What better way to start a new blog than to introduce myself.

My name is David "Nighthawk" Flor and I am technically a game designer. I use the term "technically" because I haven't actually done it professionally... That is, nobody has actually paid me to design a game (yet), but you can't blame me for trying.

What I *am* professionally is a software developer, and have been programming for close to 30 years. During that time, as a hobby of sorts, I have done video game design (created "The Opera", an add-on to Half-Life) and alternate reality game design (founder of Darklight Interactive, designed and ran Looking Glass Laboratories), and am now venturing in the strange new world that is campaign design within the Dungeons and Dragons 4e ruleset.

What possessed me to do that, you wonder? For the past two years I've been designing an alternate reality game called Rachel's Walk. It's a massively complex and intricate world, containing people and places both in the real world and in an imaginary game space powered by something I call the "Dream Engine". I admit that my design is a little... how should I say... ambitious. But it was a great idea on paper anyway.

At the same time I was developing the backstory to this campaign, several friends introduced me to the D&D 4e ruleset. Now I'd played D&D before, going all the way back to the first edition, but this new rule set was quite intriguing. It was then I realized something: the backstory I was creating for Rachel's Walk would probably make a really cool campaign.

And so it began. Over the span of several months I created a campaign that spanned nine chapters, taking a party of five from level 1 all the way to level 10. A whole new continent, a band of NPCs, new monsters, new traps, new items... I admit I really got in to it, designing some areas with intricate detail even though the players might never see them. And I found myself drawing some pretty impressive maps, which is quite an achievement for a computer programmer who couldn't draw a square at gunpoint a year ago.

Since then I have launched the campaign on two forums, one of which is the Wizards of the Coast Real Adventures group, in the hopes that it can be playtested. Since my background is video game and alternate reality game design, some of my horribly intricate ideas did not translate to a D&D campaign very well, so I needed players in order to refine the mechanics of it. It was essentially a "beta", and during these controlled trials in which my players went through the paces I began to realize that players are quite a creative bunch. They tried things that I didn't expect, asked questions on story elements I hadn't even considered. They made the design better, and because of their input quite a few things have changed since it was first conceptualized.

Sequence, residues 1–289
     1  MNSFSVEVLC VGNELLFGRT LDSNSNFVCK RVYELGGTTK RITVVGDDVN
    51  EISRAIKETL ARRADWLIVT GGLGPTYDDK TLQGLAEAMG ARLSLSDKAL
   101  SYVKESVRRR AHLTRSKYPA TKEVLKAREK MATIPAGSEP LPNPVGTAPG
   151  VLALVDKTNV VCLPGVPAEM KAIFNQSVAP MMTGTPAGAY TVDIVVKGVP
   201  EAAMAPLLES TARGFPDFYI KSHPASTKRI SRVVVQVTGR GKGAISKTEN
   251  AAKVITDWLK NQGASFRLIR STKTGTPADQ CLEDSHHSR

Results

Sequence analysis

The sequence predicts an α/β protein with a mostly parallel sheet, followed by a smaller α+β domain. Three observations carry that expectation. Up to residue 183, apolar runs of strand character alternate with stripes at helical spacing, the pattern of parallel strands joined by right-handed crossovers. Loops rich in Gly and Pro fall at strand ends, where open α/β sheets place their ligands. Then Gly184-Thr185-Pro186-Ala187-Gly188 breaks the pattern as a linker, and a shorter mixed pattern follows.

So here we are. With the assistance of my players, I have decided to put together this campaign in a module format (whether I sell it or not is still up in the air). And I thought I might as well share some of the design considerations that went in to it with you.

But there's more... While running the campaign, I realized that managing a 4e campaign is HARD. There's so many details that the DM needs to keep track of - hit points, bonuses, detrimental effects, encounter powers, surges, treasure, even things like interactions with NPCs - that it's easy to lose one's mind. So I did what any programmer would do: I began to create a suite of applications - both offline and online - that will assist me in the execution of the campaign. This includes linkable online die rollers (a concept I didn't even know existed until I saw its use on the WotC forums), map generators, image hosting services, encounter managers and more. I realized that these tools should be available to everyone, not just little old me. So you'll see me mention them a lot, with the ultimate goal of making them available to the masses.

This blog will not reveal "spoilers" from the existing campaign; I'll try not to do that as best I can because I do want my playtesters to be able to read this blog without having it spoil their future.

I hope you stick around.

Filed under: Personal, RPG No Comments